The USA Supreme Court's 1973 Roe v. Wade decision held that, prior to fetal viability, a woman has a constitutional right to obtain an abortion. What is noteworthy about the Roe v. Wade decision is that while it established a woman's right to have an abortion, the decision did not mandate a woman's unrestricted access to an abortion. In the ensuing years after the Roe v. Wade decision other Supreme Court rulings gave states the discretion to restrict a woman's access to an abortion provided that the restriction did not constitute a substantial obstacle. Many states did, in fact, enact various restrictive abortion laws resulting in substantial interstate differences in a woman's ability to obtain an abortion. There are four types of restrictive abortion laws that have been adopted by states and ruled to be constitutional by the U.S. Supreme Court. In 1976, the U.S. Congress passed what has become known as the Hyde amendment, that prohibited the federal Medicaid government program, which provides health insurance to the poor, from using federal funds to pay for abortions. Abortion funding for low-income women was left to the discretion of each individual state. Many states voted to ban the use of their public funds to pay for Medicaid abortions for indigent women. Parental involvement laws require a parent be notified or give permission before an unmarried minor may obtain an abortion. A parental involvement law is permitted provided a state has a judicial bypass provision that allows the unmarried minor to petition a judge for permission to obtain an abortion. Since 1992, some states have enacted and enforced mandatory waiting period laws. Waiting period laws require that all women seeking an abortion must wait a specified time period (usually 24–48 h) before the procedure can be performed. Many states also require that a woman receive mandatory counseling before the abortion. Mandatory counseling laws require that a woman receive (and in some cases pay for) state mandated informational material about the abortion procedure. Typically the material includes information about health risks, fetal development, adoption agencies, and the availability of financial assistance. All four state restrictive abortion laws increase the effective total cost (the direct and indirect costs) to a woman of obtaining an abortion. The direct cost to a woman of obtaining an abortion is the price of the abortion procedure. The indirect costs of restrictive abortion laws are the financial costs (e.g., lost work time, more visits to a provider, travel expenses) and emotional costs (e.g., guilt, shame, regret) incurred by a woman in complying with a restrictive abortion law. Restrictive state abortion laws make it more difficult and costly for a woman to obtain an abortion. The interstate variations in restrictive abortion policies provide researchers the opportunity to address the question of what effect the direct and indirect costs of an abortion have on the pregnancy resolution decision. Most researchers have used the economic model of fertility control developed by Becker (1960) and extended by Michael (1973) that emphasizes the decision-making process in which a pregnant woman compares the costs and the benefits of having a child in making the pregnancy resolution decision. In general, the literature has found empirical support for various basic economic hypotheses: abortion follows the fundamental law of demand, is a normal good (increases) with respect to income, and the greater the opportunity cost of a woman having a child the greater the abortion demand (Medoff, 1988 and Medoff, 1998). An equally important, though largely unexamined public and social policy question is: Do the direct and indirect costs of an abortion affect women's risky sexual behavior? Do higher abortion costs affect women's decisions about their frequency of sexual contact and/or contraceptive use? Studies that use individual-level survey data on sexual activity to examine this question suffer from several methodological shortcomings. First, self-reported survey data on sexual activity is notoriously unreliable. Considerable measurement error exists in the responses to a sex survey due to untruthful, incorrect, exaggerated, and unreliable answers to intimate questions about a personal and private area of one's life. Second, typically survey data contains very little information about an individual's personal characteristics, particularly economic information. Third, most sex surveys only ask respondents if they were, or were not, sexually active and ignore the frequency and regularity of sexual activity. Another way to address the question of whether abortion costs affect women's risky sexual behavior is to examine state pregnancy rates. If abortion costs alter women's decisions to engage in less risky sexual behavior (i.e., less frequent sexual activity and/or more frequent contraceptive use) this should result in a reduction in the likelihood of women becoming pregnant. In other words, since the likelihood of becoming pregnant is highly correlated with risky (unprotected) sexual activity, pregnancy rates represent an excellent proxy for risky sexual activity. While there is considerable research on whether abortion costs affect the demand for abortion, researchers have only just begun to formally address the question of whether abortion costs affect the likelihood of women becoming pregnant. One of the reasons few studies have examined pregnancy rates directly has to do with the method used to calculate a state's pregnancy rate. A state's pregnancy rate is derived by adding the number of abortions performed in the state plus the number of live births. State abortion data is available from two different sources: the Centers for Disease Control (CDC) or the Alan Guttmacher Institute (AGI). The CDC publishes state abortion figures on an annual basis based upon information supplied by state public health departments. The CDC acknowledges that its state abortion figures are incomplete and underreported. Not all states provide abortion figures to the CDC every year. Not all abortion providers within a state report figures to their state public health agencies every year. In addition, the CDC abortion figures are only reported by the state in which the abortion was performed (state of occurrence) rather than by state of residence. An occurrence-based state abortion figure ignores interstate travel by women to obtain an abortion. This distinction is particularly important because restrictive abortion laws may induce women (especially minors) to seek abortions in nearby states without such restrictive laws. The use of occurrence-based state abortion rates to compute a pregnancy rate will create an upward bias (a larger impact than actually exists) in the estimated impact of restrictive abortion laws on pregnancy rates because abortion rates are underestimated in those states with restrictive laws and overestimated in contiguous states without such laws. The Alan Guttmacher Institute is generally acknowledged (even by the CDC) to collect more accurate and comprehensive state abortion data because their figures are based on information provided directly by abortion providers rather than indirectly from information collected by state public health agencies. The AGI uses a consistent collection methodology, but it does not collect state abortion data every year. The AGI does report abortion rates by state of residence, but only on an even more limited basis. This paper empirically addresses the question of whether the direct (price) and indirect (restrictive abortion laws) costs of abortion affect the pregnancy rates (by state of residence), using cross-section state data pooled over the years 1982, 1992, and 2000. This study complements and extends previous research in a number of significant ways. The years 1982, 1992, and 2000 are chosen for analysis because these three sample years are the only years in which the AGI reports both the number of abortions by state of residence (used in the calculation of pregnancy rates) and the cost of obtaining an abortion. The use of state data is the appropriate unit of analysis because it is the heterogeneity of state restrictive abortion laws that change the effective cost of obtaining an abortion and concomitantly may alter women's behavior regarding sexual activity and contraception that affect the likelihood of a pregnancy. The advantage of using pooled cross-section time-series data is that, by increasing the number of observations, it improves the statistical efficiency of the estimation. These three sample years also provide the opportunity to use census data to measure only the socioeconomic characteristics of women of childbearing age. Many of the previous studies, because of the unavailability of data, were forced to omit or use inadequate proxies for many relevant economic variables. In addition, using state-level data over the period 1982–2000 makes it possible to examine a wider array of restrictive abortion laws (particularly more recent changes in restrictive laws since 1992) and is sufficiently long enough to detect causal changes in women's sexual behavior as a result of changes in state restrictive abortion laws. The most significant and important difference between this paper and prior research is that this study explicitly includes the price (direct cost) of an abortion in its estimation. Virtually all prior research on the impact of restrictive abortion laws on the incidence of abortions or births do not include the price of an abortion in a state in their estimation. This is because the price of an abortion is not available on a year-to-year basis between the two sample periods 1982–1992 and 1992–2000. The three sample years 1982, 1992, and 2000 used in this paper are the only years that the AGI collects the price of obtaining an abortion in each state. Past research, by not including the abortion price in their estimation of the impact of restrictive abortion laws on a variety of health outcomes, implicitly assumes that an increase in abortion demand will not affect the abortion price. This is clearly a methodologically flawed assumption, as pointed out by Levine (2004, p. 144) since “[abortion] prices are determined by the behavior of those who supply abortion services and those who demand them.” The failure to control for the abortion price may overstate the estimated impact of restrictive abortion laws because restrictive abortion laws increase not only the indirect costs (financial and emotional costs incurred by a woman complying with the law) of obtaining an abortion, but they also increase the direct cost (price) of providing an abortion. As noted by Althaus and Henshaw (1994), there are additional operating costs imposed upon an abortion provider in order to comply with the various restrictive abortion laws. These additional operating expenditures increase the cost of providing abortion services resulting in a higher abortion price. State differences in abortion prices reflect, in part, differences in state restrictive abortion laws (i.e., state abortion prices and state restrictive abortion laws are correlated). The exclusion of a state's abortion price in an estimation means that the impact of restrictive abortion laws are overstated because they include some of the effects of the omitted abortion price. Inclusion of the abortion price is not only a necessary condition to obtain an unbiased estimate of the effect of restrictive abortion laws, but the empirical impact of the abortion price, by itself, is of interest to researchers.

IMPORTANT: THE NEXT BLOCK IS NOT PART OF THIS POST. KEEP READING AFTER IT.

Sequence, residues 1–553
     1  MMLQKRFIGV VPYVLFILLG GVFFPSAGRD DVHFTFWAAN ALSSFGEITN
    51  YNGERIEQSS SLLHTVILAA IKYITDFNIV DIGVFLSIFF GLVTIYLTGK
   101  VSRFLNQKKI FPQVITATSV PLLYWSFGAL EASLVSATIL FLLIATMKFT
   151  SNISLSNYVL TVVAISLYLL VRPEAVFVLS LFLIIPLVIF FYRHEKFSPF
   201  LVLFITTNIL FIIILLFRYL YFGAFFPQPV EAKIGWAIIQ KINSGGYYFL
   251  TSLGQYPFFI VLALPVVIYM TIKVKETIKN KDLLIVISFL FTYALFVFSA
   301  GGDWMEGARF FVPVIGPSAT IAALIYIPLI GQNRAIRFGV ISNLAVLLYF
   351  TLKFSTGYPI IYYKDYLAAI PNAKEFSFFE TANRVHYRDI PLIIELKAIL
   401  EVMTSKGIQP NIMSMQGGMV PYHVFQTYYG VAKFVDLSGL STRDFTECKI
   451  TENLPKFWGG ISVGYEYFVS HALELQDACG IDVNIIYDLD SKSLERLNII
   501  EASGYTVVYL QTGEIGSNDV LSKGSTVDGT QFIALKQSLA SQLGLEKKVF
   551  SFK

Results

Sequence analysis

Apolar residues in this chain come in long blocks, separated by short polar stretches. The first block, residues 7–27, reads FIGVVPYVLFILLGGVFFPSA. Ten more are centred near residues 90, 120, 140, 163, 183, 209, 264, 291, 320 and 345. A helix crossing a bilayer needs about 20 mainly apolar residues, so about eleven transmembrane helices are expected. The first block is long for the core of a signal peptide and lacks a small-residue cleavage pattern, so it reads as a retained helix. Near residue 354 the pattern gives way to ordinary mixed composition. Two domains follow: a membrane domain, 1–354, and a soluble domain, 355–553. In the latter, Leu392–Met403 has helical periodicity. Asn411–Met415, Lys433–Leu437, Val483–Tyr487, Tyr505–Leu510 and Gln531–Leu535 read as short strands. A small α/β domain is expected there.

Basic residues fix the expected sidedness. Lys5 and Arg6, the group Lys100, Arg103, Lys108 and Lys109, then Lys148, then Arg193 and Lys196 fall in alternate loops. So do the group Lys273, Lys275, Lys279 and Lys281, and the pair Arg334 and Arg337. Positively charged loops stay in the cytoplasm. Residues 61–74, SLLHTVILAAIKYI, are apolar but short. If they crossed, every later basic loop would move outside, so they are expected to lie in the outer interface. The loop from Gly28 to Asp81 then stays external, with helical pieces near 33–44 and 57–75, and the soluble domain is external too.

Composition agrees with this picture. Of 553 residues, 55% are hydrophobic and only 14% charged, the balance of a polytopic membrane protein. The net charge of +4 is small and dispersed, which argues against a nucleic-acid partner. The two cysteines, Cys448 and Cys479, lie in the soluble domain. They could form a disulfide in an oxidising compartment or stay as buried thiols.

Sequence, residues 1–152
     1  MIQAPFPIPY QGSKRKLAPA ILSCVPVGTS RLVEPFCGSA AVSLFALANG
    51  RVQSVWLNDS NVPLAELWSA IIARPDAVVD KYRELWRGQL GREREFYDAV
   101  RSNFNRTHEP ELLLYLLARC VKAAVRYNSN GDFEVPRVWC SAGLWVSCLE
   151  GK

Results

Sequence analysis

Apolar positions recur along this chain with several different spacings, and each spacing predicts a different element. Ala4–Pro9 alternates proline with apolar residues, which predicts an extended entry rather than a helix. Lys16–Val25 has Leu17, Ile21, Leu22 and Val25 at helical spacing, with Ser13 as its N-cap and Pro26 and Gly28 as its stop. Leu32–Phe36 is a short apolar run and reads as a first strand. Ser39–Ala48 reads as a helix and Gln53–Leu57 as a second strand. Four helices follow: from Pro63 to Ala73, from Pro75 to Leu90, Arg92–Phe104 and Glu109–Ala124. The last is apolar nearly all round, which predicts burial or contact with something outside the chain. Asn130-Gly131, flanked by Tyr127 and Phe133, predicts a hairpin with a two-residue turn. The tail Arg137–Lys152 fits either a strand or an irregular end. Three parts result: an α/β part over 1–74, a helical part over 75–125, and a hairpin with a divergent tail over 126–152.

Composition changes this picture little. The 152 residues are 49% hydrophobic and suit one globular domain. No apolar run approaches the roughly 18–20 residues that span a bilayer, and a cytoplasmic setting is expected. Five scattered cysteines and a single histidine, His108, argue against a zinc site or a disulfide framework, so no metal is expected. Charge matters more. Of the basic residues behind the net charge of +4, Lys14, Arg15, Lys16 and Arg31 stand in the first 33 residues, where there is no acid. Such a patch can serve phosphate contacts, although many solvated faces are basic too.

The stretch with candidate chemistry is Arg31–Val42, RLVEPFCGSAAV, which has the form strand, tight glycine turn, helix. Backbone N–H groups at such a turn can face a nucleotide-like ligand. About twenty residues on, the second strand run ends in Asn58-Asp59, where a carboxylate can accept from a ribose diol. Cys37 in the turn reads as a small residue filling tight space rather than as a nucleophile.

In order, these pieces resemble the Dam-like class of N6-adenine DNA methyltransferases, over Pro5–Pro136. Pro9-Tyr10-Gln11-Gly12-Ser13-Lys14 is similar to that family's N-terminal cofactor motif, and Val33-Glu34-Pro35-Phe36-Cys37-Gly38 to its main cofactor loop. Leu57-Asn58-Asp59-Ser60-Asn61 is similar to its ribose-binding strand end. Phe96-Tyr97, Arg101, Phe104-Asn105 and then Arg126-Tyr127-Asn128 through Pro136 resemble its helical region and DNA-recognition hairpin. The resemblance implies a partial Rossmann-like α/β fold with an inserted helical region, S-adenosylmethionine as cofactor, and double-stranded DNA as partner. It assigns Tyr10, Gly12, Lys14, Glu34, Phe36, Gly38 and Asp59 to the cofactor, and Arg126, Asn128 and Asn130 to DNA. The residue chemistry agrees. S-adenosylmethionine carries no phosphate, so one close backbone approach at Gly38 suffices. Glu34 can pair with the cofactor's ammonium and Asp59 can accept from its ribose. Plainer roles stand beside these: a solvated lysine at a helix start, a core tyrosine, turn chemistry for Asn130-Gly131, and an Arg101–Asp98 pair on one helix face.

نتیجه گیری انگلیسی
This paper uses the economic model of fertility control to empirically examine if the direct (price) and indirect (restrictive abortion laws) costs of an abortion have an impact on women's sexual behavior. The results reported in this paper provide empirical support for this contention. Increases in the real price of an abortion cause a statistically and numerically significant decline in the pregnancy rate of all women of childbearing age and teens (ages 15–19). Similarly, a parental involvement law induces a decline in the pregnancy rate of all women of childbearing age and an even numerically larger decrease in the teen pregnancy rate. A state Medicaid restriction on abortion funding, waiting period law, and mandatory counseling law are found not to have a statistically significant impact on either the pregnancy rate of all women of childbearing age or teens. Taken together the empirical results support the hypothesis that women's sexual behavior is influenced by the direct cost of obtaining an abortion and to a lesser extent the indirect costs of obtaining an abortion either by reducing the frequency of sexual activity and/or increasing the use of effective contraception.